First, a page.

After coffees and chocolate ice cream at the little restaurant just up from the water, we went further down the shoreline for a walk along part of the hiking trail that circles the lake, and decided you could easily make a day out of hiking the area here. I will remember that for next time. 🙂


Poitiers Day Trip!


We spent one Saturday in Poitiers  exploring the city.  This was fantastic as I had only really seen the airport and the train station!

Nôtre Dame du Poitiers.


Saturdays they have a street market going, and we wandered past stalls of clothing, food, and some artisan items, and while stopping for coffees on a patio a travelling band walked by playing fantastic music on tuba, trumpet, sax, banjo, and drums. 


We wandered around from the Nôtre Dame Du Poitiers in the Old Town area, and enjoyed the tall old buildings and architecture, turning up and down tiny side streets to finally arrive at Francois Frères.  

There are only 5 places in France that hand-make umbrellas anymore, and one is in Poitiers! Barbie and Andy have one beautiful umbrella already and wanted to show me the store. We were so happy to find it open we practically skipped into this shop filled with a full rainbow of parasols and umbrellas of every design and shape you can imagine, and even each wooden handle is  gorgeous.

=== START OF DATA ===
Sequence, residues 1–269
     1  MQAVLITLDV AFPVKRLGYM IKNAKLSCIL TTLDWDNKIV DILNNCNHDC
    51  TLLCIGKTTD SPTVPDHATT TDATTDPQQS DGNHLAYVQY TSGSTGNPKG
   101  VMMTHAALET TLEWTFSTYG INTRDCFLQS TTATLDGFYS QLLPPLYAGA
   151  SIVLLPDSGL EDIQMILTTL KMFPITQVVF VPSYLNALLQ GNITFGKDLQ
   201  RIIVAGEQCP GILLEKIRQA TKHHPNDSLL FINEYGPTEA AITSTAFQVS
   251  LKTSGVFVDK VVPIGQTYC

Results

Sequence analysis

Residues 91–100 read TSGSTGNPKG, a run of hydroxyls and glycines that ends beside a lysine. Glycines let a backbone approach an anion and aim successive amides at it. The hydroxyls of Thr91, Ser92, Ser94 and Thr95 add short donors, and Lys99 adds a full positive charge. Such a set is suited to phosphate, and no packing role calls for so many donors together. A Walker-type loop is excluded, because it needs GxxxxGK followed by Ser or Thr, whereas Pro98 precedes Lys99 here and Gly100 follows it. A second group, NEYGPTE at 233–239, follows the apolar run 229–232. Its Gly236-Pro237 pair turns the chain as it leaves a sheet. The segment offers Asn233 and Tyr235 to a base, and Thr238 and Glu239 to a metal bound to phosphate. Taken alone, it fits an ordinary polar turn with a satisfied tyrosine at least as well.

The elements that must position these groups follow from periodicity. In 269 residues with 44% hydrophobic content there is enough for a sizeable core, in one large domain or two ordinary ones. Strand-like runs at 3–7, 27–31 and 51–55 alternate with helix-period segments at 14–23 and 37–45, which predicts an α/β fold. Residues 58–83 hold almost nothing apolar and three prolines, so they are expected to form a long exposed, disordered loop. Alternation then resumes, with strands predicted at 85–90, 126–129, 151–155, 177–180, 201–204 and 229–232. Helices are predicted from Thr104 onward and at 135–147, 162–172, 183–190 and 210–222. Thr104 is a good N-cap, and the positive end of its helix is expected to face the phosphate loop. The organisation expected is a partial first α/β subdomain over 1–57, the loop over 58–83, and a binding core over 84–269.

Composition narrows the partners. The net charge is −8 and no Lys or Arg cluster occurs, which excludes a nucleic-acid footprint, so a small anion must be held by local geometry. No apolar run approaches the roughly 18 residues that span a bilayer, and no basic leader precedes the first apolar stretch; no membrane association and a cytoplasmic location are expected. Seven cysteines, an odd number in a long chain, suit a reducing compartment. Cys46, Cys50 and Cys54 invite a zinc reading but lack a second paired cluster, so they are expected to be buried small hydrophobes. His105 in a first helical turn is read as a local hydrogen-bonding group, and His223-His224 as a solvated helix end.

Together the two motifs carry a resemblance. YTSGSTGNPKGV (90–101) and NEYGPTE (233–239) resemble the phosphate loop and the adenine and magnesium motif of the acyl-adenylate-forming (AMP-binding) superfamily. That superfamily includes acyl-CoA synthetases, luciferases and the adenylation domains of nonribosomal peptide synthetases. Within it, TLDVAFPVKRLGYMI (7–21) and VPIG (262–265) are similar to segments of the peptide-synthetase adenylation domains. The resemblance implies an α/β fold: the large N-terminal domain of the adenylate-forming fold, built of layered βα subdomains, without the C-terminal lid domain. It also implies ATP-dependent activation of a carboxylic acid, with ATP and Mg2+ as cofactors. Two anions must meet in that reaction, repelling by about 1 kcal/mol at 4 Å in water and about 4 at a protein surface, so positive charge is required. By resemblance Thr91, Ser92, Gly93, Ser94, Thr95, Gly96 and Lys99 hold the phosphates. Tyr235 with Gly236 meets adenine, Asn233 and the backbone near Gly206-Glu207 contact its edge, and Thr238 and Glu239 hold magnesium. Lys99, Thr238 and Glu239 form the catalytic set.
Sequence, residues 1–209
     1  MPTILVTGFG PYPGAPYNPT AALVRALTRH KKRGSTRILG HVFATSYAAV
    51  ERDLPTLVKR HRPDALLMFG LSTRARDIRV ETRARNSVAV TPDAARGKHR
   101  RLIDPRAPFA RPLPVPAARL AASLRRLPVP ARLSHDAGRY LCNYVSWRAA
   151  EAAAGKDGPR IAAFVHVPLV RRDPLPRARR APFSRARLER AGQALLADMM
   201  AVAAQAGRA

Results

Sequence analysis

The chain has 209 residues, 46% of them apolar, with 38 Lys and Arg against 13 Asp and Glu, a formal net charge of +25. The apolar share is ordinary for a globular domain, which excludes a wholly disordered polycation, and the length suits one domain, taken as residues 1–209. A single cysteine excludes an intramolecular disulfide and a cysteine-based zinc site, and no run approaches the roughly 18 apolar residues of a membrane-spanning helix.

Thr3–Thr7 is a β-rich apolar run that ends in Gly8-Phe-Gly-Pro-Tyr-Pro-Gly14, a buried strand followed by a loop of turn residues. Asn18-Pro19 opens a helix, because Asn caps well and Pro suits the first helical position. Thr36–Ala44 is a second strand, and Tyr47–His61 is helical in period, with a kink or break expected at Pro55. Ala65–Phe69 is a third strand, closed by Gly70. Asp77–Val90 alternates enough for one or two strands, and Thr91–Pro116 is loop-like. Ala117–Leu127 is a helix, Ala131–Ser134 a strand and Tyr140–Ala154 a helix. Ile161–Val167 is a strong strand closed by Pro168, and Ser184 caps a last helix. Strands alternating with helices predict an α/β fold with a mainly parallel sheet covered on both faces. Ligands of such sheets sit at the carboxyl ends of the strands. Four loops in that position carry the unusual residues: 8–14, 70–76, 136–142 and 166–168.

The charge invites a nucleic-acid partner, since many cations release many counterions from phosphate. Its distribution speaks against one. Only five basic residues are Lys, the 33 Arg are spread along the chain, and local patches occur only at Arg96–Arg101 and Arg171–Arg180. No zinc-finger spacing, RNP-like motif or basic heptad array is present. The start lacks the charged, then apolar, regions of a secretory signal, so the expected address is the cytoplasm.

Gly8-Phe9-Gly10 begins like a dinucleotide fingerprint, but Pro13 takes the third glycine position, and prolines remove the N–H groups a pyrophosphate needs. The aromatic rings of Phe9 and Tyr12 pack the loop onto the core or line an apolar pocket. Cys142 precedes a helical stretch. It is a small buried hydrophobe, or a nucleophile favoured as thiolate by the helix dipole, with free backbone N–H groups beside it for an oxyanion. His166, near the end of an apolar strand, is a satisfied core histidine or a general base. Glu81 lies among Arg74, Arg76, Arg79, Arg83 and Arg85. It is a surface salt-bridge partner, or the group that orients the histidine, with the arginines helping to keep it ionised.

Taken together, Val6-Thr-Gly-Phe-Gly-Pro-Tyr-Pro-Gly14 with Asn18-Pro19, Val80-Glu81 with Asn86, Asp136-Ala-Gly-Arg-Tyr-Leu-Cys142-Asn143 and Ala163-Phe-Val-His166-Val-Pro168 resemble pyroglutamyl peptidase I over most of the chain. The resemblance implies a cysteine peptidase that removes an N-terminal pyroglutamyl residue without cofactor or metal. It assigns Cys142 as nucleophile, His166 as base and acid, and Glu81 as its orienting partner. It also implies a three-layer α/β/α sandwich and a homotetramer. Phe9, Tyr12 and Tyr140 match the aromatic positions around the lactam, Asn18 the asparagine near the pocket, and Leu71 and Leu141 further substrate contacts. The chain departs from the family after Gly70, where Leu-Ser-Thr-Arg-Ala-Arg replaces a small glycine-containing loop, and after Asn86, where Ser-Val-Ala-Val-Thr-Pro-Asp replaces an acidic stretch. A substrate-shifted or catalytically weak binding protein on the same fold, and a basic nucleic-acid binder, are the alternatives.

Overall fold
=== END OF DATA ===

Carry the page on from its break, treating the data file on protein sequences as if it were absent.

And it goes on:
The owner came right out of the back room (where he makes them all himself) to talk to us. He clearly takes pride in his work, as well he should. His family has been making umbrellas since 1882! 

I want a newsprint umbrella. 🙂

If I could have fit a full-size umbrella in my backpack, I would have splurged and bought one right there! 

After my first croissant amande of the trip 😁, we headed to see the majestic Cathedral de Poitiers, which was absolutely gigantic and a definite must-see if you visit Poitiers. 


Gorgeous and vastly tall ceilings, beautiful frescos, stained glass windows for days, and crazy cool/creepy gargoyles outside.

On to Confolens!


The second weekend we went to Confolens, and this city is absolutely darling, and even more romantic on a grey and cloudy day.

Many medieval aspects to the old buildings reminded me of Carcassone that we visited 2 years ago on our Viking Cruise tour. 



On the way back home we stopped into Confolens-St-Germain and the old castle ruins up on the hill. 


It’s absolutely beautiful, and felt well-timed, as my friend Leslie was travelling in Ireland at this point and posting all these beautiful photos of Irish castles and I felt due for some castle time. 🙂

There was also a fantastic gift shop at the bottom filled with local artists’ work, from jewelry to soap to ornaments to honey. Absolutely beautiful things. 🙂

We ended up going for pizza in the charming river town of Availles-Limozine the next night with clients/friends of Barbie and Andy. I immediately liked these three friendly Brits: Gary, who is selling his vacation property home, and Jarvis and Lindsay, who are buying it! The sale was complete this week, so we went out to dinner to celebrate.